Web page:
John Cosby is a passionate plein air painter. To him it’s a hunting expedition. “You hunt the scene, the sensory memories, and the ability to get out of your own head, and feel the place,” he says. “Painting outdoors is an adventure, and with all its ups and downs, should be approached as such.” For those that have never painted en plein air, he advises getting good painting instruction. “I teach many skills that are best learned indoors and then applied outdoors with better clarity. Painting outdoors presents many issues that can only be seen in person, so by not gaining at least a competent level of handling plein air skills, you will miss some of the good stuff.”
About his own painting, surprisingly, he does not find anything difficult about painting, only greater or lesser challenges. “After all these years spent with paint and easel I have learned that patience and the pursuit of solid knowledge goes a long way towards solving problems and is very satisfying to accomplish. I look for and embrace my problems as challenges. The most difficult thing is seeing my weaknesses without bias. My greatest breakthroughs are when I see my mistakes and weaknesses so I can address them.”
Cosby, who lives in San Clemente, CA is a founding board member of the Laguna Beach Plein Air Painters Association, founder of the Laguna Beach Plein Air Invitational, and Signature Member of the California Art Club, and Plein Air Painters of America.
I hope you’ll enjoy this interview with the excellent painter, John Cosby. I’m honored to bring it to you. (Click images to enlarge)
There’s a big difference between loving to draw as a child and deciding to pursue art as a livelihood; how did that decision come about for you? There were many defining moments that changed or solidified my course. One was the first time I traded a drawing of another boat I had done while floating in a harbor somewhere on the intercoastal waterway while headed south with little to no money. The people on the boat I was drawing wanted to see what I was doing and then asked what it would take to get it; the trade cost them a hurricane lantern, so we were a lot warmer in our little boat. Many years later after a stint as an illustrator I had the owner of In-N-Out Burger up to my apartment studio to review some work I was doing for them. While there he noticed my land and seascape paintings and asked if they were for sale, since this was a hobby I had to think fast and I said that yes I guess they are, and while I tried to think of a price for the one he was in front of, he said how much for all of them? The next day I celebrated, bought more paint and set to a career in fine art…that was 25 years ago. These two were the biggest, but there were many more, less defined but just as significant events.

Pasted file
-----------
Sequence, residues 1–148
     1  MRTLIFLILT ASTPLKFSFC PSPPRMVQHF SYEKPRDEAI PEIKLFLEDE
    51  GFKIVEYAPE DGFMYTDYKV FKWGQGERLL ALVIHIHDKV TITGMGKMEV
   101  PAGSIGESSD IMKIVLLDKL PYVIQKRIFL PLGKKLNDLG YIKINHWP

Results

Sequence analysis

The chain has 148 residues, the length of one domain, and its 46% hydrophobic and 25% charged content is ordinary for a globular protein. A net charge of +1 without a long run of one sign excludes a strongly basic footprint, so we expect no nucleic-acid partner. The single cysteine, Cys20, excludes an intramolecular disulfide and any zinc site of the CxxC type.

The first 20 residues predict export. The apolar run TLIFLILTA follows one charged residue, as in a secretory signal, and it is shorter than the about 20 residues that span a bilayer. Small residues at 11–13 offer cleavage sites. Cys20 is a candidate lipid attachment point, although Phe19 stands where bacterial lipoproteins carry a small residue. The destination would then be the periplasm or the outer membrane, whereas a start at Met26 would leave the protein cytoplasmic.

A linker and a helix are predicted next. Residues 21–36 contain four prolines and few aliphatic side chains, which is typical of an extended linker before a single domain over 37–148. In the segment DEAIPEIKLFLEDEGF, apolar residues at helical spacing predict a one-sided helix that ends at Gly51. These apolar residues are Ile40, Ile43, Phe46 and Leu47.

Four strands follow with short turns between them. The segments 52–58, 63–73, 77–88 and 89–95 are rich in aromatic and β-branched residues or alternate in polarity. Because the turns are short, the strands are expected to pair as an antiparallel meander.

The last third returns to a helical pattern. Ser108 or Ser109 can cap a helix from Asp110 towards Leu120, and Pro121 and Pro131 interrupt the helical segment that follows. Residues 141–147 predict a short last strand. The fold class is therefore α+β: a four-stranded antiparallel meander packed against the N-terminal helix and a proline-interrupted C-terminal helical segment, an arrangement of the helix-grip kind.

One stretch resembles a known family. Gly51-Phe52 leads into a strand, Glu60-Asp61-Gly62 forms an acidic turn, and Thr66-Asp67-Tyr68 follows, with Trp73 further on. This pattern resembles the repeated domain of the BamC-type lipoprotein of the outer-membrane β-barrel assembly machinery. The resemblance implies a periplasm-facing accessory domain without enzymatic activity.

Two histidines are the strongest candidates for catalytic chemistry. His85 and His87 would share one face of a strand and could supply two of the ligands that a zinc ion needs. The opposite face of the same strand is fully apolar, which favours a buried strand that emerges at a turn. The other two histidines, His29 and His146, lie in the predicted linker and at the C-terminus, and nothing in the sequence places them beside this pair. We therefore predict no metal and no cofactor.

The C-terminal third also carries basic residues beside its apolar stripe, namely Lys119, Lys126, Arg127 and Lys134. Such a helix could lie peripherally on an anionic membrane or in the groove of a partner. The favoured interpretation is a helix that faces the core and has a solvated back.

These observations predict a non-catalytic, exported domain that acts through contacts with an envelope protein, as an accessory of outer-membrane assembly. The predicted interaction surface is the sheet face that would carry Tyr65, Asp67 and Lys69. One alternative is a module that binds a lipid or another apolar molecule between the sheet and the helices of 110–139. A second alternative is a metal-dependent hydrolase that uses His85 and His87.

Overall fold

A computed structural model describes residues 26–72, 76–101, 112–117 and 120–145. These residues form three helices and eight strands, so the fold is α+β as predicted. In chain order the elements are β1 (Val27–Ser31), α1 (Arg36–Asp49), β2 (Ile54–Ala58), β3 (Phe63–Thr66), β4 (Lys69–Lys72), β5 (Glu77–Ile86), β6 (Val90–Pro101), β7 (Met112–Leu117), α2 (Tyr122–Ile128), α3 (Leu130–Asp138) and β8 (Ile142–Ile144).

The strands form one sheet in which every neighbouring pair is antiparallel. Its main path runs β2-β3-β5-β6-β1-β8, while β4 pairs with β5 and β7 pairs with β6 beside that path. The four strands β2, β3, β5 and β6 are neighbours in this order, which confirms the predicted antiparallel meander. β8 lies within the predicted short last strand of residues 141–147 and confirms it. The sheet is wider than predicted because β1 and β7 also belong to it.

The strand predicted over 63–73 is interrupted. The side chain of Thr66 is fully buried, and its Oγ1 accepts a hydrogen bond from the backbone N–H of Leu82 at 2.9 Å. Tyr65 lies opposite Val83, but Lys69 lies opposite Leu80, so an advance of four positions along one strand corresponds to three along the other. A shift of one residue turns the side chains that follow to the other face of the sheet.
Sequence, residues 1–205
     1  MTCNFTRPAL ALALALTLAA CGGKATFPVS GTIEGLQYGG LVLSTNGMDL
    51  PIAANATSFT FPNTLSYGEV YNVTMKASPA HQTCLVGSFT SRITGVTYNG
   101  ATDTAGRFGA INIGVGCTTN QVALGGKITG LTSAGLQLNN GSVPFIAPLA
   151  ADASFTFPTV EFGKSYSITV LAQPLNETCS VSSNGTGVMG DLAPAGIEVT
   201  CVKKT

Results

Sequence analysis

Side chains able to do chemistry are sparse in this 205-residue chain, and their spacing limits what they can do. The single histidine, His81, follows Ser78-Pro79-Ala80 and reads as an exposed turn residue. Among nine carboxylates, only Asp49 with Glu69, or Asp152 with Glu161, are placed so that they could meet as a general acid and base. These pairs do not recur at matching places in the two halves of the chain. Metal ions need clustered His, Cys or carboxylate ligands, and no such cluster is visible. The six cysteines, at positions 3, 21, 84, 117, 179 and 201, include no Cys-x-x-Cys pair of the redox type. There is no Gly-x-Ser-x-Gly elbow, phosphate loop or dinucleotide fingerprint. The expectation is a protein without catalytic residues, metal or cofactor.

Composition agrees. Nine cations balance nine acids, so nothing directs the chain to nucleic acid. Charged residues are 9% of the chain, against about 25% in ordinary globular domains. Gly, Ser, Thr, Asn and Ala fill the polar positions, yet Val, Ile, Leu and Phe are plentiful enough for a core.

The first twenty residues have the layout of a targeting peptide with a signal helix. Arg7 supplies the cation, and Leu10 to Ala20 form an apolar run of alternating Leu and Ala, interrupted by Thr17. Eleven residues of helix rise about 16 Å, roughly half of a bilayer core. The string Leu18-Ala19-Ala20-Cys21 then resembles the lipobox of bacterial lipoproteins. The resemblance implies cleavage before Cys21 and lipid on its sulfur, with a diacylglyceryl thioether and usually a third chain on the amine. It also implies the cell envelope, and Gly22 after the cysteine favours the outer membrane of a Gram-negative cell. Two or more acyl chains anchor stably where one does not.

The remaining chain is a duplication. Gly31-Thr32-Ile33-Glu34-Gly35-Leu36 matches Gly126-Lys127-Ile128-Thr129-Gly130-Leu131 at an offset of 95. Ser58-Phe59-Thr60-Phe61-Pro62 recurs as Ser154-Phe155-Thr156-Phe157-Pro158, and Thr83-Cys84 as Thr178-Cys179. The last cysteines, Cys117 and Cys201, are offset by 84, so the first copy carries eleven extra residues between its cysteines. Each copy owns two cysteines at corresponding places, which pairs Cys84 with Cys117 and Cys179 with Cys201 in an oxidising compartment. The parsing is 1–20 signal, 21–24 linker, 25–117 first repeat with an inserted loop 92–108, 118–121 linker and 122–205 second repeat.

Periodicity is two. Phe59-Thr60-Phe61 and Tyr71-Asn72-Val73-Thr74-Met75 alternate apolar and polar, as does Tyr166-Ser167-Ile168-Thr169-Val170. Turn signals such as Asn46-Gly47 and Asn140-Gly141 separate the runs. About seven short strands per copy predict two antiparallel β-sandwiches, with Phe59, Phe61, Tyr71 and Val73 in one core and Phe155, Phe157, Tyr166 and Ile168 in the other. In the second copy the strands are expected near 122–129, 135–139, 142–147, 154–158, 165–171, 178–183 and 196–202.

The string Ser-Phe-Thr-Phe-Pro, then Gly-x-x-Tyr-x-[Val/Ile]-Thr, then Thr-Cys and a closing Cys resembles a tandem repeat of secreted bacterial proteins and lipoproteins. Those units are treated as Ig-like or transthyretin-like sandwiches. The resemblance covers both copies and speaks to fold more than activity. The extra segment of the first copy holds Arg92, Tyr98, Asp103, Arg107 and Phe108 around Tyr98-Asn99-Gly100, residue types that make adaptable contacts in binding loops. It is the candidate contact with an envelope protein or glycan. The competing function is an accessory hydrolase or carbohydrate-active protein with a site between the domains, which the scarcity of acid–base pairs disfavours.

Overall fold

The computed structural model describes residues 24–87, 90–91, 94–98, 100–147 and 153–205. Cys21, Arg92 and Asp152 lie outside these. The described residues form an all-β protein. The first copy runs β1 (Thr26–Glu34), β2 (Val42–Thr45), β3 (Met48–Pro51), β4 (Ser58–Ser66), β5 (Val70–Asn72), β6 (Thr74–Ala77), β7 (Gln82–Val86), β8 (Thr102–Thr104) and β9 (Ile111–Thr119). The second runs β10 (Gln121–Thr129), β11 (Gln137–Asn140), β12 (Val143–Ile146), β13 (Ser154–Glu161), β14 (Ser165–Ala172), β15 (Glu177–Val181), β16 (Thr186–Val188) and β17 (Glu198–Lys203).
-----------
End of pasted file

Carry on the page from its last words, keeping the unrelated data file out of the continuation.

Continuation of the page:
At age 18 you found yourself in the military, assigned as an advance man for the Executive Branch of the U.S. Government; how did that job come about and what were your responsibilities? My time in the military came through enlistment in the Army at the end of Vietnam. I didn’t have funds for collage and wanted to get an education; the Army offered me that, as they were recruiting with benefits after the draft ended. After a few weeks in basic training I was approached for special assignment positions as I had floated to the top in the aptitude tests in a few categories. I got the job after an exhaustive interview process, training and background clearance. My job was to be part of an agency within the White House that handled any secure communications for the Executive branch of government. I got to travel the world, just like the Army was advertising at the time, but in style. I was in the right place at the right time.